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Could Trump's Deportation Task Force Endanger America's Freedom? Pt. 1. Roger Algase

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On May 29. POLITICO published an article by one of its top immigration reporters, Seung Min Kim. and her colleague Sarah Wheaton, called Dreamers face nightmare of Trump's deportation force.

The article describes how, even if the Supreme Court ultimately rules in favor of the Obama administration in its attempt to implement its program for expanded deportation relief

"that potential deportation relief [could be] on a collision course with Trump's deportation force."

The article describes the Hobson's choice which might be facing millions of unauthorized ("illegal") immigrants in deciding whether to register for deportation relief even if the Supreme Court ultimately approves Obama's DAPA and expanded DACA programs:

"...people living in the shadows will possibly be exposing themselves just as Trump inches closer to the White House and decides whether to fulfill his pledge to use a deportation force to kick out the roughly 11 million undocumented immigrants living in the United States."

Aside from striking terror into 11 or 12 million mainly Latino and Asian immigrants and, in millions of cases, their US citizen spouses and children whose families would be broken up, could Trump's deportation force create a danger to the freedoms of all Americans? In order to answer this question, this 2-part series will look at two precedents to Trump's proposed task force.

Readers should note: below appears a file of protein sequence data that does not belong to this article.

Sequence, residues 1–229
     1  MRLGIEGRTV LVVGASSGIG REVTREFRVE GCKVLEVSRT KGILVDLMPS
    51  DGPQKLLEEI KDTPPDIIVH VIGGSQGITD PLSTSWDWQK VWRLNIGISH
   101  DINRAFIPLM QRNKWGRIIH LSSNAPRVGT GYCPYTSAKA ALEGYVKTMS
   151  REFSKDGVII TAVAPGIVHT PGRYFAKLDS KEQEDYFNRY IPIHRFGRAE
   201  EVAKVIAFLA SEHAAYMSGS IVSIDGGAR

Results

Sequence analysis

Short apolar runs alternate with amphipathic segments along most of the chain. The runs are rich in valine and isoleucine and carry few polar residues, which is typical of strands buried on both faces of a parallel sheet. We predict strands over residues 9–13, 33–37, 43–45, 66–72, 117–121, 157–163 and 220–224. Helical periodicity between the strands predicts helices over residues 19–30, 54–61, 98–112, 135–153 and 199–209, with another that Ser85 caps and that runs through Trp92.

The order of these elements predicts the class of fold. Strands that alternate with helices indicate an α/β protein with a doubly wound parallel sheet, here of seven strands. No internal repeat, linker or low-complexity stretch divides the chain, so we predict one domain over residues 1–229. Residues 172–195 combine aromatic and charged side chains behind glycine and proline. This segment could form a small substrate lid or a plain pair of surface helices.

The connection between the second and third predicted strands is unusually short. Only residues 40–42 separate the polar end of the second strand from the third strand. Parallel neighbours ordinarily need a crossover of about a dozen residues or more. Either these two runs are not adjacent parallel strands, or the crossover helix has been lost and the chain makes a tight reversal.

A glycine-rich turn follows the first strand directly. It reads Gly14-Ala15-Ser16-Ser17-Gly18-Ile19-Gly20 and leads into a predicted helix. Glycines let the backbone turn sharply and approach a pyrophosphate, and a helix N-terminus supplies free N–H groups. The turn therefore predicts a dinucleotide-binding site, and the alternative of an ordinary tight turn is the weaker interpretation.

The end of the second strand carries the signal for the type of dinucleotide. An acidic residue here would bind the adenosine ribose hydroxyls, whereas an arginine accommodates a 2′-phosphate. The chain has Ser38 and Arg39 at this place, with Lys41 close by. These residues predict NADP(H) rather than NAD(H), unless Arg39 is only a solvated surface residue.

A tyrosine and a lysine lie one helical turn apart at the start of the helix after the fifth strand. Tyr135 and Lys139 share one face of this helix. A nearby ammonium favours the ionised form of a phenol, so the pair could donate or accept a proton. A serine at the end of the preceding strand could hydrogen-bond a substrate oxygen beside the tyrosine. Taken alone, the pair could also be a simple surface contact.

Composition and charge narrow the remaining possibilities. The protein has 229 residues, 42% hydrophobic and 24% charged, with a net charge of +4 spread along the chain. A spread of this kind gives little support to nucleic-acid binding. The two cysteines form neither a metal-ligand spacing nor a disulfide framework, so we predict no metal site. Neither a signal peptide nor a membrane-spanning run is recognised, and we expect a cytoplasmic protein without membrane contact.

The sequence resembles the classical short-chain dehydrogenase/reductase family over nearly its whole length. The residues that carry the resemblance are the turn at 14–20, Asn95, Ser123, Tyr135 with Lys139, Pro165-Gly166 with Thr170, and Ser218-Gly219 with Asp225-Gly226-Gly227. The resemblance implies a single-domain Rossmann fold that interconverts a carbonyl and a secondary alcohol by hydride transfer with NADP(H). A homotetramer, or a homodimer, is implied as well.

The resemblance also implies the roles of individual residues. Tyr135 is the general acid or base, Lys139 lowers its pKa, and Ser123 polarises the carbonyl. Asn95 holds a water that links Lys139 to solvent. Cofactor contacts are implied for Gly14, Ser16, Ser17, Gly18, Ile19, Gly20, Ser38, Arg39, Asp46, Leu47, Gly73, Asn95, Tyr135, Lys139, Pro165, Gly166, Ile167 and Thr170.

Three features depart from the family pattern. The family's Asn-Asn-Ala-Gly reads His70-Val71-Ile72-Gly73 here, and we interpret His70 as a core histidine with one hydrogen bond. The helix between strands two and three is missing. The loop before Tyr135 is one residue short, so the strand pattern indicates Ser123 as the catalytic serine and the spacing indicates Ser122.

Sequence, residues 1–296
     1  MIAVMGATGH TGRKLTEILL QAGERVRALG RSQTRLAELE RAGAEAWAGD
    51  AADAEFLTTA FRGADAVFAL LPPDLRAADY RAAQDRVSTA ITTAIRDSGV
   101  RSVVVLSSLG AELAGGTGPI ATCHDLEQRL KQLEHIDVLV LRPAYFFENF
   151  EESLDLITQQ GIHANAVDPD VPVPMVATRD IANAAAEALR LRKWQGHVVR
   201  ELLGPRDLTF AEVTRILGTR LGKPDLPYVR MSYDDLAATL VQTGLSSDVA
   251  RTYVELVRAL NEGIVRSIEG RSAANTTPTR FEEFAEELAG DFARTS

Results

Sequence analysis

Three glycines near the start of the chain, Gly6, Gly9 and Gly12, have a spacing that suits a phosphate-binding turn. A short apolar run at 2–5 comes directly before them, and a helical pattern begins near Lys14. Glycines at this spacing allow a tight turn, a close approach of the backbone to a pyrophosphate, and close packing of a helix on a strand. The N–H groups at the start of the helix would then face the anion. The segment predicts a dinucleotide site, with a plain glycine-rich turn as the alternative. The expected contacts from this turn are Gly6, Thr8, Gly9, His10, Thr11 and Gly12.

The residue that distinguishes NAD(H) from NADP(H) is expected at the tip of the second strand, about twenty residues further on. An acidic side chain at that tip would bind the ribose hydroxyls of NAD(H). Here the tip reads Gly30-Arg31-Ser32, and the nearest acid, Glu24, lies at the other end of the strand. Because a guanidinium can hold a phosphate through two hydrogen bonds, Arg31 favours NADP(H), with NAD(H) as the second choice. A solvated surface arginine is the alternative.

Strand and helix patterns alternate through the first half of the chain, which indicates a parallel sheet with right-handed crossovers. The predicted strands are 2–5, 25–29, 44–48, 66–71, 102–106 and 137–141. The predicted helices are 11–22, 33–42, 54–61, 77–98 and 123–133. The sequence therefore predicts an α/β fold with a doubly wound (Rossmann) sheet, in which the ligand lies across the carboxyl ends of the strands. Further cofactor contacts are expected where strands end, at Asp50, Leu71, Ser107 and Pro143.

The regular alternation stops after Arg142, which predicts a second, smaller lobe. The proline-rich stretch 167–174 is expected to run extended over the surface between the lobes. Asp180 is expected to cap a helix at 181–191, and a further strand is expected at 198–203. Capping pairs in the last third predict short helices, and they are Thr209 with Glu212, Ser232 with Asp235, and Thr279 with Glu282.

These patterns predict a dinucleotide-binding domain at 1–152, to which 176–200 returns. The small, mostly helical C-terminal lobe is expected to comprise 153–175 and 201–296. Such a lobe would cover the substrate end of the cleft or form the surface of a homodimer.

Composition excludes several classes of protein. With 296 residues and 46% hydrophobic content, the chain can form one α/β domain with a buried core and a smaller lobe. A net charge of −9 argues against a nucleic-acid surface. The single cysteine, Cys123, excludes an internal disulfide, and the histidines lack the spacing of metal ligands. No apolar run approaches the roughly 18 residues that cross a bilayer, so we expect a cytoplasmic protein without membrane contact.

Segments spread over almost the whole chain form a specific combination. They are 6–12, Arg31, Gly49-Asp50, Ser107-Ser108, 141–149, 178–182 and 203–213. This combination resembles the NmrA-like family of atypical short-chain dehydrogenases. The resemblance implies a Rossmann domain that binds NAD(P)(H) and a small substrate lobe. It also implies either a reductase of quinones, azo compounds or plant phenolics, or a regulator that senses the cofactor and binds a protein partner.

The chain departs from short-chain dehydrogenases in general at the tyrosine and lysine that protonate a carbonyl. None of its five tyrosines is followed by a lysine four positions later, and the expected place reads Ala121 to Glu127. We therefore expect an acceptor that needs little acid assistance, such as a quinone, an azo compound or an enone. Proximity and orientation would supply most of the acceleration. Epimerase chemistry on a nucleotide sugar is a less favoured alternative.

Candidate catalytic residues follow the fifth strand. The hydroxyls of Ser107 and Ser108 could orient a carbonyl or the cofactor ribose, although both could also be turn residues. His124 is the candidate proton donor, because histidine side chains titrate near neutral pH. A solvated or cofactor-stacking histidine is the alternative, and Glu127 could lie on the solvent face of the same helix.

The first precedent, cited by Trump himself when he first made the task force proposal, is the operation known under the crude anti-Mexican racial slur "Operation Wetback" carried out by the Eisenhower administration in the 1950's. This will be discussed in Part 1.

The second precedent, which involved using a special task force or forces for mass deportation of a different, though initially much smaller, unpopular group of immigrants, comes from Germany in the 1930's. This will be discussed in Part 2. So far, Trump has made no mention of this second precedent.

To start with Trump's description of his own mass deportation task force proposal, he left the details vague, other than to say that the mass deportation would be handled in a "nice" and "humane" way. He then referred to the fact that Dwight Eisenhower, who carried out mass deportation of Mexicans in 1954, was a regarded as a "nice" and popular president.Trump quoted the 1950's slogan "I like Ike".

No matter how many people may have liked Ike in the 1950's (and as someone who was following politics at that time though not old enough to vote, I can attest that there were quite a few Americans in that period who did not "like Ike"), the question is whether Eisenhower's "Operation Wetback" was really as humane as Trump claims. One can also ask whether it respected the rights of legal residents.

In an analysis of Operation Wetback appearing in a September 28, 2015 article, Latino USA describes it as follows:


"Though Operation Wetback officially targeted only illegal immigrants, many legal residents were caught up in the dragnet and ended up in Mexico...the INS transported the deportees on buses, trucks, trains and ships deep into the heart of Mexico in order to make it more difficult for them to return...Many Mexicans were transported from Port Isabel to Veracruz in filthy and crowded ships. The boatlift, however, was terminated when seven deportees jumped overboard...and drowned. Their tragic deaths provoked a mutiny and lead to a public outcry in Mexico...